Syria regime cuts off rebel-held Aleppo, renewing siege: Monitor
A Britain-based monitor, said government forces backed by Syrian and Russian air strikes had now severed the alternate route into the rebel east that opposition forces opened up in August.
Beirut: Syrian government troops on Sunday seized a military academy south of Aleppo city, once again encircling the rebel-held districts in the east and placing them under siege, a monitor said.
The Syrian Observatory for Human Rights, a Britain-based monitor, said government forces backed by Syrian and Russian air strikes had now severed the alternate route into the rebel east that opposition forces opened up in August.
"The army took control of the artillery academy, so they control all the academies, and the eastern neighbourhoods are under a full siege," said Observatory director Rami Abdel Rahman.
There was no immediate confirmation in state media.
Government forces had been advancing in southern Aleppo for days, with the fighting already creating shortages for the estimated 250,000 people living in the rebel-held parts of the city.
But the capture of the academies, which straddle the road running to the eastern neighbourhoods, reinstates the government`s encirclement of Aleppo.
Once Syria`s economic powerhouse, Aleppo has been ravaged by the war that began with protests against President Bashar al-Assad`s government in March 2011.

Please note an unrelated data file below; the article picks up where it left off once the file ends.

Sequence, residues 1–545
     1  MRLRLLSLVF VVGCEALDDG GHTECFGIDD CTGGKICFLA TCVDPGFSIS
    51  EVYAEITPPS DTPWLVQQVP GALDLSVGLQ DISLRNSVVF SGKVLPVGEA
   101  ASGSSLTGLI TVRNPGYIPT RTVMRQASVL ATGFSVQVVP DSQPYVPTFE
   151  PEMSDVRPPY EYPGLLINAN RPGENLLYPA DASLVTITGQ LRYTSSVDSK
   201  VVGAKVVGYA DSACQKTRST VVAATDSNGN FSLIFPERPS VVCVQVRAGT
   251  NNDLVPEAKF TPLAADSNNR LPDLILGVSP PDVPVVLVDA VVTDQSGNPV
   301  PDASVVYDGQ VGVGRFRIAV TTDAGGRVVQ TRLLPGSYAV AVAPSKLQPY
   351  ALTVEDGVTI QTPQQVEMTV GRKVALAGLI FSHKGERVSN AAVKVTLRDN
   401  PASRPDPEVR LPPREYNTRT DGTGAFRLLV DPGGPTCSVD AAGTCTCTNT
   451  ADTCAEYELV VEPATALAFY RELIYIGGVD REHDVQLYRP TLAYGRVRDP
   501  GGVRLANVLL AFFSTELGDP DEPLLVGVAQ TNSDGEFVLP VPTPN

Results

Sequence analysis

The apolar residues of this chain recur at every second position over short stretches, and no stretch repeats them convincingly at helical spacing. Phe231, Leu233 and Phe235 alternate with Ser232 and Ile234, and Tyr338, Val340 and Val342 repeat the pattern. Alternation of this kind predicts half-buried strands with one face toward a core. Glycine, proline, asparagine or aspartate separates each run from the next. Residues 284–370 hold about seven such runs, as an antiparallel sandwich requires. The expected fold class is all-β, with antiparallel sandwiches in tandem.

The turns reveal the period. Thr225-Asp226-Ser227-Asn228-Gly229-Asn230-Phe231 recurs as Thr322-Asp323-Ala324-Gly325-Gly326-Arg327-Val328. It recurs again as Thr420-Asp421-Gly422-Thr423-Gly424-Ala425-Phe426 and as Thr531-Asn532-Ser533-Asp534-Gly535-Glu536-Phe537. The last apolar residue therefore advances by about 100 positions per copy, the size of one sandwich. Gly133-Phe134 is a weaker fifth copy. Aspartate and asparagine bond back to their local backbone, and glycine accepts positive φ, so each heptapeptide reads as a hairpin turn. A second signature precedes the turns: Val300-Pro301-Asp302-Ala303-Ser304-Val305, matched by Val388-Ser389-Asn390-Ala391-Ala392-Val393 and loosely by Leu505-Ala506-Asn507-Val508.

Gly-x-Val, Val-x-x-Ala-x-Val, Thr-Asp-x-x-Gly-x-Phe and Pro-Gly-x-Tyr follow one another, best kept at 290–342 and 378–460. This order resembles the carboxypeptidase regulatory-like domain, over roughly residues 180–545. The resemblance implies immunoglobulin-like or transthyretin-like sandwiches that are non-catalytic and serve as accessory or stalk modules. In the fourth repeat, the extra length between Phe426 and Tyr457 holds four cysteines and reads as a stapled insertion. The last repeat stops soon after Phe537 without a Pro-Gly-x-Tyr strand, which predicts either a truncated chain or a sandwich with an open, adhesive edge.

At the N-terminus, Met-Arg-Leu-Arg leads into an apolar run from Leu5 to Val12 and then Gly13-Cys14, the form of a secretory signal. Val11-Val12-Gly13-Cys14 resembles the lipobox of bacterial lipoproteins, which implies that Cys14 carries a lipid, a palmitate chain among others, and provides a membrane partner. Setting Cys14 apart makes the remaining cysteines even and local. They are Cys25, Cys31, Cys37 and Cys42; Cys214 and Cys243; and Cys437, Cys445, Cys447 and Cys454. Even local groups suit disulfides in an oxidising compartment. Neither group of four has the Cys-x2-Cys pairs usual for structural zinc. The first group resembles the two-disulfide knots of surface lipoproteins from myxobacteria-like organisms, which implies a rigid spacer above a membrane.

It has been roughly divided between rebel control in the east and government control in the west since mid-2012, and in recent months regime troops have gradually surrounded the city.
On July 17, they severed the only remaining route into the rebel-held east, the key Castello Road running down from the border with Turkey.
The road`s capture led to shortages of food and fuel in the eastern neighbourhoods, and prompted international concern, including calls for 48-hour ceasefires to allow aid to enter.
On August 6, rebel forces including Al-Qaeda`s former Syrian affiliate pushed government forces back from a key route south of the city, creating a lifeline back into the east.
While the reopening of the road allowed some goods into the city, it was inaccessible to most aid agencies, and negotiations to secure a route in for assistance have yet to succeed.